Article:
Dr. Stuart Robbins, University of Colorado, Boulder – Mapping Martian Craters
In today’s Academic Minute, Dr. Stuart Robbins of the University of Colorado Boulder explains his work mapping craters on the surface of Mars.
Stuart Robbins is a postdoctoral researcher in astronomy at the University of Colorado, Boulder. His current work is focused on managing and finding applications for his Mars global crater database at the Laboratory for Atmospheric and Space Physics (LASP) at CU-Boulder. He also maintains a blog entitled Exposing PseudoAstronomy and produces a regular podcast also focused on exposing pseudoastronomy.
Dr. Stuart Robbins – Mapping Martian Craters
Impact craters form one of the most common surface features across the solar system, but we don't often think about them on Earth because we have an active planet that recycles the crust. When we study other worlds, understanding impact craters is a key part.
One of my research philosophies is that if you're going to do something, do it all. Following that, I spent five years literally drawing circles - identifying over 640,000 craters on the planet Mars to get a complete census of all of the ones larger than a kilometer across. Analyzing that database has just begun, but we're already learning a lot of things that weren't possible before because people had done smaller, more limited studies.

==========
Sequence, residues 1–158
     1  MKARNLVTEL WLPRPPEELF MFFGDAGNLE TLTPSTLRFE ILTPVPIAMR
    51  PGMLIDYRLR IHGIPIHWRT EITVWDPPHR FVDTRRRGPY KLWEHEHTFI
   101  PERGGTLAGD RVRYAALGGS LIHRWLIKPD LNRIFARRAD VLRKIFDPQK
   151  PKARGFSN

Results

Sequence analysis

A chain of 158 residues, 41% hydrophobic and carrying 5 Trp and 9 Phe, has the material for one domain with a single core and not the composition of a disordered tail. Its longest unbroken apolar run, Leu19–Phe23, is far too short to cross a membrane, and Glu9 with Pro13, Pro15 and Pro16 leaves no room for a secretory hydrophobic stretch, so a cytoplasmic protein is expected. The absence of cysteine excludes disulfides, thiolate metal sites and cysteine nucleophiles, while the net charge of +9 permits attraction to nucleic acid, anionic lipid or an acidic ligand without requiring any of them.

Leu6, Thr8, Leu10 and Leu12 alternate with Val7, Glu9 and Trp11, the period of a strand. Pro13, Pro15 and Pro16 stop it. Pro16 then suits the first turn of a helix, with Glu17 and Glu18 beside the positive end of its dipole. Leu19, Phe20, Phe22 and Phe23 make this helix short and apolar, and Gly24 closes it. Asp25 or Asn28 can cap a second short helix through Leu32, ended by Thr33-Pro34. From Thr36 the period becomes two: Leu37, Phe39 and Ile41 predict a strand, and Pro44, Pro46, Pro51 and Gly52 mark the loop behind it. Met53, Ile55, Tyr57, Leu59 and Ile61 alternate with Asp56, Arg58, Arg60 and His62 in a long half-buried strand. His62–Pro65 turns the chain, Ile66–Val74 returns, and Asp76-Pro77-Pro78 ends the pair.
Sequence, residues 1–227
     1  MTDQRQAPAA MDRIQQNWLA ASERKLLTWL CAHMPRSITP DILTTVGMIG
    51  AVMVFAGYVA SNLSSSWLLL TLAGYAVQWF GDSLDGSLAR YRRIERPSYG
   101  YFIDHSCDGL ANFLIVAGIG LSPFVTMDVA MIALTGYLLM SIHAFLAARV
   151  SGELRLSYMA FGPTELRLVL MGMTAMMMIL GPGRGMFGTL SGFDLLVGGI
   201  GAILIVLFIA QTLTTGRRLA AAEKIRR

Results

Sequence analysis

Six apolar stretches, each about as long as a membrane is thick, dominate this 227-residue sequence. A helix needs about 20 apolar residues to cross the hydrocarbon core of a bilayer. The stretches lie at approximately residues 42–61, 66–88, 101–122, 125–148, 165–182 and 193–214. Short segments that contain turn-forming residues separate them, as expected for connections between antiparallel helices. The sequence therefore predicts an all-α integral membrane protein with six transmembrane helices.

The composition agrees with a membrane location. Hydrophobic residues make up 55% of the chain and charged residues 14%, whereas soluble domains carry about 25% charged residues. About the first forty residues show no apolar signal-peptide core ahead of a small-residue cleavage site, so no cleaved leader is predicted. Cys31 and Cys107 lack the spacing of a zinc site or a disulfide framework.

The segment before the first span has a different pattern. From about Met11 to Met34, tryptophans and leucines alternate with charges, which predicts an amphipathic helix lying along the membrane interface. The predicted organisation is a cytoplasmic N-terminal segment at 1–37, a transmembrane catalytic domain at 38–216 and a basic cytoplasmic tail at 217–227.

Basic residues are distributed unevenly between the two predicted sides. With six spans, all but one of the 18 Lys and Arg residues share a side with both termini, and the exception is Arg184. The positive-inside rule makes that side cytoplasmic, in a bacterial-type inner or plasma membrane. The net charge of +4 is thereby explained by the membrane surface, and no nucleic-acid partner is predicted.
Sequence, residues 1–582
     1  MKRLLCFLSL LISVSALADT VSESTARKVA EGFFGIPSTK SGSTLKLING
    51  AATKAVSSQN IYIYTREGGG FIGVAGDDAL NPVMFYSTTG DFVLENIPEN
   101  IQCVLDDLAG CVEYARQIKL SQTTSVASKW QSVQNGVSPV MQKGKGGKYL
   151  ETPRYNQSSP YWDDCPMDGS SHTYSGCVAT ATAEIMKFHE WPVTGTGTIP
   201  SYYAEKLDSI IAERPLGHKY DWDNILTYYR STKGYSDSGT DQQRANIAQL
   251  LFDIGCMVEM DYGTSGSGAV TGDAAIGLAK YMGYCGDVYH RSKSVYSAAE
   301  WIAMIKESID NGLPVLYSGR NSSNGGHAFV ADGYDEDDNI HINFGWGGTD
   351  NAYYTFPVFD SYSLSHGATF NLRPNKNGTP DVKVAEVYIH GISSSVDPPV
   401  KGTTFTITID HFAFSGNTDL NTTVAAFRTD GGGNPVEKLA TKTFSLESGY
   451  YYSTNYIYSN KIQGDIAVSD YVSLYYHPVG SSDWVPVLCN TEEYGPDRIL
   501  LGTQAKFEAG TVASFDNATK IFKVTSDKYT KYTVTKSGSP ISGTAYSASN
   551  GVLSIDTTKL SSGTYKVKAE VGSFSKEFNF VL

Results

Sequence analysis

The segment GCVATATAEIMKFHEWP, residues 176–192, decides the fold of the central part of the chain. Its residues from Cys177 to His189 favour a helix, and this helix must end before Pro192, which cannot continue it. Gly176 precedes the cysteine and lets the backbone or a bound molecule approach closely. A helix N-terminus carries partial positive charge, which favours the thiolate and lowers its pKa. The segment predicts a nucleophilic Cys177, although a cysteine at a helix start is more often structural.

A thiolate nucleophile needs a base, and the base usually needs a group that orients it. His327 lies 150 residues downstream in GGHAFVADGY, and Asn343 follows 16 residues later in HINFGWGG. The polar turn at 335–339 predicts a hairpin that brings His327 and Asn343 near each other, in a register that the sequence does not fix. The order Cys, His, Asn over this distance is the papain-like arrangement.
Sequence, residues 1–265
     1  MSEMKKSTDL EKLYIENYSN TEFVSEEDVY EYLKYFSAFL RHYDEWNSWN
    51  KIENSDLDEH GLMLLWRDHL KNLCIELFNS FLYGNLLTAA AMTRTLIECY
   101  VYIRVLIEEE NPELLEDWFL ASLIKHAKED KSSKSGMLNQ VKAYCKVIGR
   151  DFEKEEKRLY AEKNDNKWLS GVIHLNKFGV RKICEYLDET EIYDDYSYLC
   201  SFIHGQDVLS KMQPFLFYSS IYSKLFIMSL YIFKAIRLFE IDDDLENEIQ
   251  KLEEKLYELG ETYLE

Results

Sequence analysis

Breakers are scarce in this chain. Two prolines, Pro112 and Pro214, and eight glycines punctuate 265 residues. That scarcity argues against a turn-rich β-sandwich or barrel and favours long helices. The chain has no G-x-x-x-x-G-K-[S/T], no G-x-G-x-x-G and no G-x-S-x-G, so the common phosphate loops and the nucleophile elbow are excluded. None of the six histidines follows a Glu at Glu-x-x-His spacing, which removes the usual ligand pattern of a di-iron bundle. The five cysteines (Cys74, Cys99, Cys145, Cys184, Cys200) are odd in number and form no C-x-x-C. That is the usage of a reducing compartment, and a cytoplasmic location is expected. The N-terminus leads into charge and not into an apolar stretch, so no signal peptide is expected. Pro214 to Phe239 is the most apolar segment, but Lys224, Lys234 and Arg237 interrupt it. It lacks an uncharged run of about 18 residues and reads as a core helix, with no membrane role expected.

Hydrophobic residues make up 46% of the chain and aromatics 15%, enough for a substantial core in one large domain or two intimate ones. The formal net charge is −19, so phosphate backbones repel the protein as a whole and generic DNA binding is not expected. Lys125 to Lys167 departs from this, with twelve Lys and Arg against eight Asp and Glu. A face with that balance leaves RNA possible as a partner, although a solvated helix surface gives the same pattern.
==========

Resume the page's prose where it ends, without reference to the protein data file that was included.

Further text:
One application is that we're better understanding how old different parts of Mars and features on the surface are: The way this works is that if a surface has been around longer, it should have more craters on it. We use that along with models to determine the ages.
A complication to this is the phenomenon of secondary craters: Craters that form from large blocks ejected when another crater forms. We have to somehow remove secondary craters from the population of primary craters, otherwise, we'll get an artificially old age. This large Martian crater database that I put together is helping us to unravel how secondary craters manifest, and it's leading to many important discoveries.
These are just two applications of this vast catalog that should prove a useful resource for many researchers for many years to come.